The Future Looks Bright For Ford
The first car I ever owned was a 1977 Buick LeSabre that met its untimely demise on a lonely Indiana highway one dark and dreary night as I was driving home from college when my body thought it was a better idea if I started sleeping. I’ll save that story for another day. The second car I ever owned was a 1975 Ford Pinto Pony. And despite all the jokes about Pintos exploding at the slightest provocation, I really loved that car. It was my first manual. And with all the abuse I gave that little machine, and the way it kept coming back for more, the car earned its space of endearment in my heart. And because it was a lowly Pinto, I drove the shit out of it and I never gave a real damn about its welfare.
My third car was a 1985 Ford Mustang GT. It too was a manual and I loved that car as well. But being a young adult with dreams of a wealthy future I decided to start saving any pennies I could and decided life would be cheaper if I quit paying exorbitant insurance premiums and premium fuel prices to satisfy the car’s insatiable thirst. But shortly after I sold that car I regretted getting rid of it. And after a couple months of being without a car, I eventually replaced my 1985 Ford Mustang GT with a 1987 Ford Mustang GT. That was the last Ford I ever owned. It was also the last domestic automobile I owned until the family bought the 2005 Chrysler Town and Country last year.
In the years since giving up my second Mustang the domestic car companies have rolled over and exposed its belly to the foreign competitors. Lowly Hyundai that couldn’t make a car that could compete with a Ford Pinto when it brought its products to the United States market back in 1986 is now at the top of the automotive charts while Chryslers are ranked dead last in the latest reliability survey. If our experience with the Chrysler minivan is any indication I can understand Chrysler’s last place position. That’s another story for another day.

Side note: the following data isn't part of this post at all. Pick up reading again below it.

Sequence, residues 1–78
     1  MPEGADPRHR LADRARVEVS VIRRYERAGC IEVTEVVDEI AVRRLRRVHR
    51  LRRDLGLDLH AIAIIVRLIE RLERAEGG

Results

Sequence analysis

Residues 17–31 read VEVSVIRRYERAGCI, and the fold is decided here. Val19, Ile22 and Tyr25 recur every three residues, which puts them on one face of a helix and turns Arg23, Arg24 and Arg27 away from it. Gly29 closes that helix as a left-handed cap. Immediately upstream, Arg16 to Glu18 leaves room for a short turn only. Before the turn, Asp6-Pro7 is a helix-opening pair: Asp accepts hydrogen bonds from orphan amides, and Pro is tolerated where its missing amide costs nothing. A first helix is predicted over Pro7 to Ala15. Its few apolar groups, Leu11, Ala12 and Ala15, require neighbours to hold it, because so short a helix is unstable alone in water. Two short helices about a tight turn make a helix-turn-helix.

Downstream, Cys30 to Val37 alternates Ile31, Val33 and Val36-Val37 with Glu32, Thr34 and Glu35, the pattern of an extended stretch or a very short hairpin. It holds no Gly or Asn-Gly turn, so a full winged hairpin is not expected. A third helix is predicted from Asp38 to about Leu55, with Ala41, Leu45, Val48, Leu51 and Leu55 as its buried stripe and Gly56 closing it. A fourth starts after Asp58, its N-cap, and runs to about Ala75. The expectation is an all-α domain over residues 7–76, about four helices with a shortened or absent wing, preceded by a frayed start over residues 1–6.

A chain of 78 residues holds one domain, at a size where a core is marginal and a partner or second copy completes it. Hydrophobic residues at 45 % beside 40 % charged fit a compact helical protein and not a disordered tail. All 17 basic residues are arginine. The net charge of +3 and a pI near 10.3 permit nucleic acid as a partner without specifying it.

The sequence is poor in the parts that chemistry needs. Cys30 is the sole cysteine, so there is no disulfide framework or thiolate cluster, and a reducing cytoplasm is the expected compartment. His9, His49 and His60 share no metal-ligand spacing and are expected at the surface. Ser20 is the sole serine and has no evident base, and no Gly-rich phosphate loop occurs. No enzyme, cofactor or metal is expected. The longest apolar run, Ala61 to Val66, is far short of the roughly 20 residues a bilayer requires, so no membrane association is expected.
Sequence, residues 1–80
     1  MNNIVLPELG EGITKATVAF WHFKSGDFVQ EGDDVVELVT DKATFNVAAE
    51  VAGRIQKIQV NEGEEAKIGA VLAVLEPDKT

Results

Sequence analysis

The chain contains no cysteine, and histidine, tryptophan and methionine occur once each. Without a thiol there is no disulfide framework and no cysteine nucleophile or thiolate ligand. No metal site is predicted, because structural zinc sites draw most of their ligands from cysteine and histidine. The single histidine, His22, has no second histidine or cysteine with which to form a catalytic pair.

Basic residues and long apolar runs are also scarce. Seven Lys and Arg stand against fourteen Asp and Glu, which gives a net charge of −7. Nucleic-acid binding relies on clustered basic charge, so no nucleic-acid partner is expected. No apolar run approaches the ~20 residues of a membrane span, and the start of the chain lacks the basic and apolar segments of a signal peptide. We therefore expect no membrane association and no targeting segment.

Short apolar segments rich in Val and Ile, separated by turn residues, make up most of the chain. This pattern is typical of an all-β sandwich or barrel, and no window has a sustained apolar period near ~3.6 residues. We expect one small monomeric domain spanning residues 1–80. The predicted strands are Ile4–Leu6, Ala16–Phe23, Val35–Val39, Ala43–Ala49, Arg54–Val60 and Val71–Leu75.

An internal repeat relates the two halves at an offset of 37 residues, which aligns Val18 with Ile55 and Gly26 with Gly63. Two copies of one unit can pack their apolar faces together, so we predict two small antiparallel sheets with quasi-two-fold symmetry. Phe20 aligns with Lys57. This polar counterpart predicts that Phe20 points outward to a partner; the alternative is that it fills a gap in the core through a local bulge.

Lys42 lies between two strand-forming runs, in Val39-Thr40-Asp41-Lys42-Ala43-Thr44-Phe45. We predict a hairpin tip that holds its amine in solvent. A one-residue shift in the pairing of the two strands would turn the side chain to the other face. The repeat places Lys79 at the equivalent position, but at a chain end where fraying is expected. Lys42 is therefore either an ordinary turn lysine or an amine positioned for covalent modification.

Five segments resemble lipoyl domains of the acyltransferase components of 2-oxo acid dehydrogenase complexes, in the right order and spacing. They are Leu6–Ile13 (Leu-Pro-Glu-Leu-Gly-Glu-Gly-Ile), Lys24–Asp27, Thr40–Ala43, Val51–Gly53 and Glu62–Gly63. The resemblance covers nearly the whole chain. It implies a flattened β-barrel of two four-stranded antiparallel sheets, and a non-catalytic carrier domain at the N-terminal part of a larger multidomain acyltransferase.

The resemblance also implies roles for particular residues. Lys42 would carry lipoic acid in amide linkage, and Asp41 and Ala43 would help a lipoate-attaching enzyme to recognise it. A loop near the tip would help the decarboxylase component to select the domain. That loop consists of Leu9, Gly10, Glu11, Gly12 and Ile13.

The point is that the reputation of the domestics has been severely tainted with stale, poorly executed products long overdue for replacement while most of the foreigners are enjoying reputations for quality and products that represent forward thinking in the world of automobiles. And as a case in point, as the nation’s economy took its turn for the worse, the domestics took their hats in hand to Washington in order to get a little help through this downturn. But while General Motors and Chrysler took their bailouts, Ford managed to play things a little better.
With a little more foresight about the future of the automobile market, Ford was able to position itself a little more smartly with its product lineup. Gone are the days of excesses typified by Ford’s shortsighted dabble with products like the Excursion, one of the few products aimed at consumers that could dwarf a Hummer H1. Ford’s reputation is being built on products like the relatively new Fusion and the brand new interpretation of the Taurus. The Ford F-150 has always been the car company’s bread and butter and Ford paid careful attention in the latest execution of this particular staple. And most of the other products in the Ford, Mercury, and Lincoln lineup are displaying similar signs of revival.
Ford’s lineup isn’t completely out of the woods of mediocrity. The Ford Focus is the automotive equivalent of Methuselah and I believe it is still a couple years away from being replaced. The Ford Ranger is another product that has soldiered on virtually unchanged for decades. The Crown Victoria wins the crown for the most ancient. And Lincoln takes an Expedition, dressed it up like a harlot, and throws it out there as a Navigator. There’s still a lot of work to be done.
But Ford is clearly on the right path. According to the latest annual survey by Consumer Reports, of the fifty one models marketed by Ford, Mercury, and Lincoln, forty six were ranked average or better in reliability. Several of Ford’s models are consistently scoring above perennial leaders Honda and Toyota. In some respects, Ford is now making some vehicles with true world class quality status.
Yet, that less than stellar reputation for shoddy work is the albatross that still hangs around Ford’s neck. While Mercury was the only domestic brand to finish in the top ten, the Ford brand finished sixteenth out of thirty three competing brands and Lincoln finished twentieth. Clearly it is going to be a challenge to change people’s impression of how they think about Ford. It’s helpful that Ford has started with the basics like designing and taking care when building their products. When the time comes to replace the Town and Country, we just might have to give Ford another look. Who knows? I just might get my fourth Ford.